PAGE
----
Significantly, this pain does not come from a generalized maldistribution but rather from its appearance in particular realms. Accordingly, addressing it through generalized redistribution would be cumbersome and ultimately infeasible; to redistribute at a level sufficient to remove painful inequities from these particular pockets of concern would conflict with other widely held preferences about maintaining market incentives in most domains. Thus, even if using legal rules to allocate merit goods in a way that benefits the poor seems inferior to tax-and-transfer as a means to address the general problem of maldistribution, it may be very well suited to serve a far more specific and widely shared end: avoiding the pain of allocating merit goods through the market.
What is more, as we have recently argued, such an approach may also turn out to be a more politically viable path for improving distribution overall, precisely because it accords with the preferences that many people hold. There is no set quantum of redistribution that people are categorically prepared to engage in, regardless of its form; the shape that redistribution takes determines the ends that it is capable of serving, and hence the political support it will enjoy. Likewise, charities that appeal to the human desire to help identifiable victims are not necessarily channeling money away from more effective causes, because the act of giving is itself endogenous to one’s selected ends. Perhaps people should have different ends than they do—and perhaps law and economics can even help in that enterprise—but their existing sets of preferences cannot be dismissed.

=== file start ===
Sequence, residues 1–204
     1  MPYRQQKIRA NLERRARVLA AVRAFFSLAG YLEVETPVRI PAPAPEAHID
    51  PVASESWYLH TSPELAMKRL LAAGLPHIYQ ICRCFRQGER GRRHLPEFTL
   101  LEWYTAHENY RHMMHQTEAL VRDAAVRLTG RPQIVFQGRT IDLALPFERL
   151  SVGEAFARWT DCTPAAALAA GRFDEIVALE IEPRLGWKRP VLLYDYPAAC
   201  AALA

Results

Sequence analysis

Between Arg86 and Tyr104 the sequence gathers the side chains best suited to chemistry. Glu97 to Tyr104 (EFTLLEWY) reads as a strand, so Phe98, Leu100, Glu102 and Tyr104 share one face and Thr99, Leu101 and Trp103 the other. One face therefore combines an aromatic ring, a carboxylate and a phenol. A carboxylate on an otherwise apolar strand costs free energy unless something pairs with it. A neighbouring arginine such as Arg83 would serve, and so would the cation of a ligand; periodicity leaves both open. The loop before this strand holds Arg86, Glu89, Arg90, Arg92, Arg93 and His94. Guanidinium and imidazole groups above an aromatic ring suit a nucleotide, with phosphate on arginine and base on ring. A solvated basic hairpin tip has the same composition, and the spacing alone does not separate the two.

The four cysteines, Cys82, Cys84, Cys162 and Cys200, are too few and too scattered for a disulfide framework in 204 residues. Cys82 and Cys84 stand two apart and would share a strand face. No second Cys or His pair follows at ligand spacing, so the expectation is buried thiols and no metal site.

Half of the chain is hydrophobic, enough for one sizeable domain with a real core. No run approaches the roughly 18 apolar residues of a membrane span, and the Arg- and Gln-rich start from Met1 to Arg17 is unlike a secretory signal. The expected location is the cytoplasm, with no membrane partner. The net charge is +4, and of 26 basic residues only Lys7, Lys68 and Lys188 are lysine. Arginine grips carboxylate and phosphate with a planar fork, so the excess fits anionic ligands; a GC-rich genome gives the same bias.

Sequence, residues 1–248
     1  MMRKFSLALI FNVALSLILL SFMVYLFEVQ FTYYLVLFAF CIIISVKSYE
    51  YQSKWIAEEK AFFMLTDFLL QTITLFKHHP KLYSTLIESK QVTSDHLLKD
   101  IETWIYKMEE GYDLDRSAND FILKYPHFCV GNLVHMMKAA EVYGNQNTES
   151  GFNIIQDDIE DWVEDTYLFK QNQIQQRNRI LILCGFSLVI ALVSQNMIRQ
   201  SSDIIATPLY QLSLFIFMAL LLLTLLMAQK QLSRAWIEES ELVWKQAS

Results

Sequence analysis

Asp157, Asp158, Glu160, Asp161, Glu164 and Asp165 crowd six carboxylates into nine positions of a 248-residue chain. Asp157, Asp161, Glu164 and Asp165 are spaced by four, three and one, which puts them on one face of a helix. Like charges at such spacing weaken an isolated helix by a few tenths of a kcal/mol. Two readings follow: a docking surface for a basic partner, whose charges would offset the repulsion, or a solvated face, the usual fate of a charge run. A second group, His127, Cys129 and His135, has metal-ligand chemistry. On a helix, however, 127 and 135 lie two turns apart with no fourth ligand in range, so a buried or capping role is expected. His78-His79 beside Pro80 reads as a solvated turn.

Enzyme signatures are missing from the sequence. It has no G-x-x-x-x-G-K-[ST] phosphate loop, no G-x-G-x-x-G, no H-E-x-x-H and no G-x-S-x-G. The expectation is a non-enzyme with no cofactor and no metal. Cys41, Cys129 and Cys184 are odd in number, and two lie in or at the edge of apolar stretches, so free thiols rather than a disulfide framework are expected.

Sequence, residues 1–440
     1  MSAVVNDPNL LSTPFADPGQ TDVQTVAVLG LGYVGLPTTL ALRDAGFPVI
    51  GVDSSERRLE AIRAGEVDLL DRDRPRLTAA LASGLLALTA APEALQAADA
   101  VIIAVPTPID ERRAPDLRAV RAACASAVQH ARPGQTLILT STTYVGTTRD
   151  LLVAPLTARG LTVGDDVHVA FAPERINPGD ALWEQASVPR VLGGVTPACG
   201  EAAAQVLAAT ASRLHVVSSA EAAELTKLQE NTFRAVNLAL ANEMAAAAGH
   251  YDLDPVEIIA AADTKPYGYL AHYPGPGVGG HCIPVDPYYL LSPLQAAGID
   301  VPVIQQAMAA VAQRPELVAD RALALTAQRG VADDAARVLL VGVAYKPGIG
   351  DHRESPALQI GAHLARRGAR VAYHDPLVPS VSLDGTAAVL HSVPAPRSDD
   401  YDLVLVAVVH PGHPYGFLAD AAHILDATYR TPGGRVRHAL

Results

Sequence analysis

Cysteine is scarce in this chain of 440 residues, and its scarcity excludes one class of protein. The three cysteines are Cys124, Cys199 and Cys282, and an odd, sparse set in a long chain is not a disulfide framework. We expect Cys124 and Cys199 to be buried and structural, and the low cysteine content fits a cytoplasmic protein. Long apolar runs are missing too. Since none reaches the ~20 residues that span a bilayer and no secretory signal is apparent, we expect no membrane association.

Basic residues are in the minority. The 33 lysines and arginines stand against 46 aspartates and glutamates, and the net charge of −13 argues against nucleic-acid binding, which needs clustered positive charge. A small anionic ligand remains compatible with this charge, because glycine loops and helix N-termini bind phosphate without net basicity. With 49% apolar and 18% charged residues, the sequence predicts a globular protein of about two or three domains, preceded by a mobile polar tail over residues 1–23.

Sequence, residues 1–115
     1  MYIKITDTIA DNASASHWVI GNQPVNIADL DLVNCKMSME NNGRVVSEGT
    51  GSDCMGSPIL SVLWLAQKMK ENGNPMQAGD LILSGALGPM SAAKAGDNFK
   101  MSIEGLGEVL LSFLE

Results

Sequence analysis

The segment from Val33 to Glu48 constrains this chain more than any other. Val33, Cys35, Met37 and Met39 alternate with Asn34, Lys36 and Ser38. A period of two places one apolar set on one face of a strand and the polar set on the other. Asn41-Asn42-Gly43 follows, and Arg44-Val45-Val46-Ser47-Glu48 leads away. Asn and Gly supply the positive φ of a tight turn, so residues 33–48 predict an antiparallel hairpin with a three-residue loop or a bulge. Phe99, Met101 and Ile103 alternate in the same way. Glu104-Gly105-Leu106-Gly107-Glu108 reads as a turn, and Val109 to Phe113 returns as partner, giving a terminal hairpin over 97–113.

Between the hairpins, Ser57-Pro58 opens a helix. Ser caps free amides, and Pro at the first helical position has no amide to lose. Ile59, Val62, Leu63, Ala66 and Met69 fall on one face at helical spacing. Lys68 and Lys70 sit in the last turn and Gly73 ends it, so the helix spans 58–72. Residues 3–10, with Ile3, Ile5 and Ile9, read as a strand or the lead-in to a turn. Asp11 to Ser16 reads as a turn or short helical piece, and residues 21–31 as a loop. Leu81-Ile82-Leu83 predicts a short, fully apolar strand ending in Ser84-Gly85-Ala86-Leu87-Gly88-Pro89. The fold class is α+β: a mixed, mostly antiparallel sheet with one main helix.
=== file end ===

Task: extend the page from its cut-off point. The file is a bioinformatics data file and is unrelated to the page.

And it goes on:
Law and economics is, fundamentally, a method, a means, a way of thinking systematically about rules, policies, and institutions, but it is also an activity of engagement between disciplines, an end in itself. When we are in the true realm of law and economics, which Calabresi distinguishes from the economic analysis of law by the former’s sense of mutual engagement, the method operates not only to assess means, but also to ask questions about ends. If law and economics can become more curious about why people and societies address questions of distribution in the way that they do, Calabresi’s optimism about the future of law and economics will prove well founded.